Posted on November 29, 2018 by Raúl M. Grijalva
Washington, D.C. – Ranking Member Raúl M. Grijalva (D-Ariz.), who will seek to chair the Natural Resources Committee in the next Congress, said today that the newly announced National Marine Fisheries Service (NMFS) approval of five Incidental Harassment Authorization permits to allow seismic testing in federally owned Atlantic waters is an alarming sign of administration indifference to the fate of coastal communities and marine life, including the endangered North Atlantic right whale, which inhabits the area likely to see extensive testing as soon as next year.
Seismic testing, which is disruptive to commercial fisheries, is opposed by impacted communities up and down the East Coast. More than 220 municipalities have passed formal resolutions opposing oil and gas exploration or drilling in the Atlantic Ocean or Eastern Gulf of Mexico, including local chambers of commerce, tourism and restaurant associations, commercial and recreational fishing associations, and the Mid-Atlantic and South Atlantic Fishery Management Councils.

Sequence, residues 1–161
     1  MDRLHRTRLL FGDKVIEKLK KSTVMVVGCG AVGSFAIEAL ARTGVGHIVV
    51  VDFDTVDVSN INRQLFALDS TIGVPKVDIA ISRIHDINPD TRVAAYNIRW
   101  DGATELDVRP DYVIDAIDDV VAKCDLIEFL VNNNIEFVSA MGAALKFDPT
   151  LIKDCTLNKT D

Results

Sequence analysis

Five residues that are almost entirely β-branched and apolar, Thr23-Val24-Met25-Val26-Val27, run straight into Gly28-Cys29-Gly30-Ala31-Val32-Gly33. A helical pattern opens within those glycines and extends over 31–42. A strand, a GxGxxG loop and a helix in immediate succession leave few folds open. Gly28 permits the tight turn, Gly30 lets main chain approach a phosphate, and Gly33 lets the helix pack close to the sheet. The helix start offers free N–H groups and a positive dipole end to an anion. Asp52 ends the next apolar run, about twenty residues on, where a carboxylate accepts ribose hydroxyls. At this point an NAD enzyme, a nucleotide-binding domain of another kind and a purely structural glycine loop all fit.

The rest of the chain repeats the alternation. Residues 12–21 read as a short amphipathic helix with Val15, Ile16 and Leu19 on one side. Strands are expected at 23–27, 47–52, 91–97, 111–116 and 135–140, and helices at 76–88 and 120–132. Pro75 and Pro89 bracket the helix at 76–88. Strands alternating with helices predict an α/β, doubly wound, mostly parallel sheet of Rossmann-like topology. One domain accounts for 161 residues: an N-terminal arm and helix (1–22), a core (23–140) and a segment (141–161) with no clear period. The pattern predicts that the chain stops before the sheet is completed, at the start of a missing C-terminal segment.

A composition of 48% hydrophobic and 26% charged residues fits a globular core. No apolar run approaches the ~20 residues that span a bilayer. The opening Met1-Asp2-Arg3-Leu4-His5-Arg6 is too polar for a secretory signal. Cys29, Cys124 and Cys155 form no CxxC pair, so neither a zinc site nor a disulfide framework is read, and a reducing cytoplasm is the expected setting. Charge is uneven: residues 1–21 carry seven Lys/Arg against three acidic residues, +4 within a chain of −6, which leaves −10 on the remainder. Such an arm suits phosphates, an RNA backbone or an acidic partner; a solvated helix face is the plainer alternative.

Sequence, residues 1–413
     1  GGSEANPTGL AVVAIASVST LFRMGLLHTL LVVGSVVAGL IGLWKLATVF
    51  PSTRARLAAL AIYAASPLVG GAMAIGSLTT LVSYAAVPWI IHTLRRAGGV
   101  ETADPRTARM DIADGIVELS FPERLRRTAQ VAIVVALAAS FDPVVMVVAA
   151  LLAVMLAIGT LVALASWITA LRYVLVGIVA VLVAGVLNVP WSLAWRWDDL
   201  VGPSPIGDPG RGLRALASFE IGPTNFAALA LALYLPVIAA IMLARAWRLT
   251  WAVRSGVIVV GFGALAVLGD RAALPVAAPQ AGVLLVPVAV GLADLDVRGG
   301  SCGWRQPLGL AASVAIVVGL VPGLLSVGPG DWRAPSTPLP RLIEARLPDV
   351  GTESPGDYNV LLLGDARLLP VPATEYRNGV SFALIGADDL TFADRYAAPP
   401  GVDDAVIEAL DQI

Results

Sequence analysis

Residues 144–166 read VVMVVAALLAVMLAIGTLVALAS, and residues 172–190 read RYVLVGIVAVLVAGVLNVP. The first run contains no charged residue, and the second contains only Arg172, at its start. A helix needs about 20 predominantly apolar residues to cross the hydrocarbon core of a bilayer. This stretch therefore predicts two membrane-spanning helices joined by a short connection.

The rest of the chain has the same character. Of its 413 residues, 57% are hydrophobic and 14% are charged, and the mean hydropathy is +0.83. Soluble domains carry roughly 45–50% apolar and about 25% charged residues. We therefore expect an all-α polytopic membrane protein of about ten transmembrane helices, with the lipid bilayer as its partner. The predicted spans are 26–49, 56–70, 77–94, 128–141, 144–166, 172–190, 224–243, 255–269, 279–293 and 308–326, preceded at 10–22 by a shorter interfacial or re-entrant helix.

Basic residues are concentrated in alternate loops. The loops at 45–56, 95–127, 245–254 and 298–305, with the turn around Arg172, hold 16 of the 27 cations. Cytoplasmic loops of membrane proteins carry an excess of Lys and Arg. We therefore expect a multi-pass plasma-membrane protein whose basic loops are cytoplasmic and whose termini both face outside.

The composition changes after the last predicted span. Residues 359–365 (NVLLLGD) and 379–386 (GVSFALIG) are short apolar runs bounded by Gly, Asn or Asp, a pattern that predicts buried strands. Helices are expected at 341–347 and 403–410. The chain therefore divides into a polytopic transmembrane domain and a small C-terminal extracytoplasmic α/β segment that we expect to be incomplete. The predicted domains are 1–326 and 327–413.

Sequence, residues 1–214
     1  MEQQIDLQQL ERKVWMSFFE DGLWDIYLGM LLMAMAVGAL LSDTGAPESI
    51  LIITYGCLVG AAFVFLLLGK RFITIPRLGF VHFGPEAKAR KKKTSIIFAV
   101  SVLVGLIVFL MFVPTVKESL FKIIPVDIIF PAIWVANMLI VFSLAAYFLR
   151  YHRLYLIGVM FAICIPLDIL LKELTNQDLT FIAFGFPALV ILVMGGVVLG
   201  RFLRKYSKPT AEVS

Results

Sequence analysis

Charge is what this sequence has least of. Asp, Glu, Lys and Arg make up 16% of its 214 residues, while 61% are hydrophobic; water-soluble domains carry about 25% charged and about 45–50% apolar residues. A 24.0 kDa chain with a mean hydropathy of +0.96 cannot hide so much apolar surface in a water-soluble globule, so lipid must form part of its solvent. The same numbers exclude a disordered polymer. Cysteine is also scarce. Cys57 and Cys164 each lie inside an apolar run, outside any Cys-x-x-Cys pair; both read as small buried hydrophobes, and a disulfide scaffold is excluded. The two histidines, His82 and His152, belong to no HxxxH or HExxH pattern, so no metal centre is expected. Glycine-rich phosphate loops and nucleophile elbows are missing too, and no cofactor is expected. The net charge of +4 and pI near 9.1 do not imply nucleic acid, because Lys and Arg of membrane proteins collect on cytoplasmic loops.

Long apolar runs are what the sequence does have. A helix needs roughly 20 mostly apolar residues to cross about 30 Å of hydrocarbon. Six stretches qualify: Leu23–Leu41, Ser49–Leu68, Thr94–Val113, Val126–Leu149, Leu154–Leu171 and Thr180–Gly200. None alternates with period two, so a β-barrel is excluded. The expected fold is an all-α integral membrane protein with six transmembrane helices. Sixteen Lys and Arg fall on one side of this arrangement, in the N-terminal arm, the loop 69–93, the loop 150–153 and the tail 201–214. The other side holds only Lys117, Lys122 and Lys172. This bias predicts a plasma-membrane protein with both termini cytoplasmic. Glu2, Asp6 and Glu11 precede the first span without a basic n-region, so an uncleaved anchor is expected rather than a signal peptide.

The announcement comes shortly after the release of a congressionally mandated report on the contributions of human behavior to climate change and its impacts on our health and economy. The alarming findings – which President Trump and Interior Secretary Ryan Zinke have dismissed out of hand – make it clear that increased reliance on fossil fuels increases our risk of catastrophic health and economic outcomes.
“It’s awfully ironic to see this a few days after the release of a report on why we need to stop drilling for fossil fuels at breakneck speed,” Grijalva said today. “There is nothing this administration won’t do for the fossil fuel industry, including destroying local economies and ruining endangered species habitats. The Natural Resources Committee is going to provide serious checks and balances on this behavior from day one in the next Congress.”
There are only about 400 North Atlantic right whales left in the world, and seismic testing in sensitive habitat areas is known to pose a serious health risk to marine mammals.
The Interior Department is expected to release a new five-year plan for offshore drilling in the near future. Nearly every coastal-state governor opposes more drilling, with many saying an oil spill would devastate local tourism and fishing economies.
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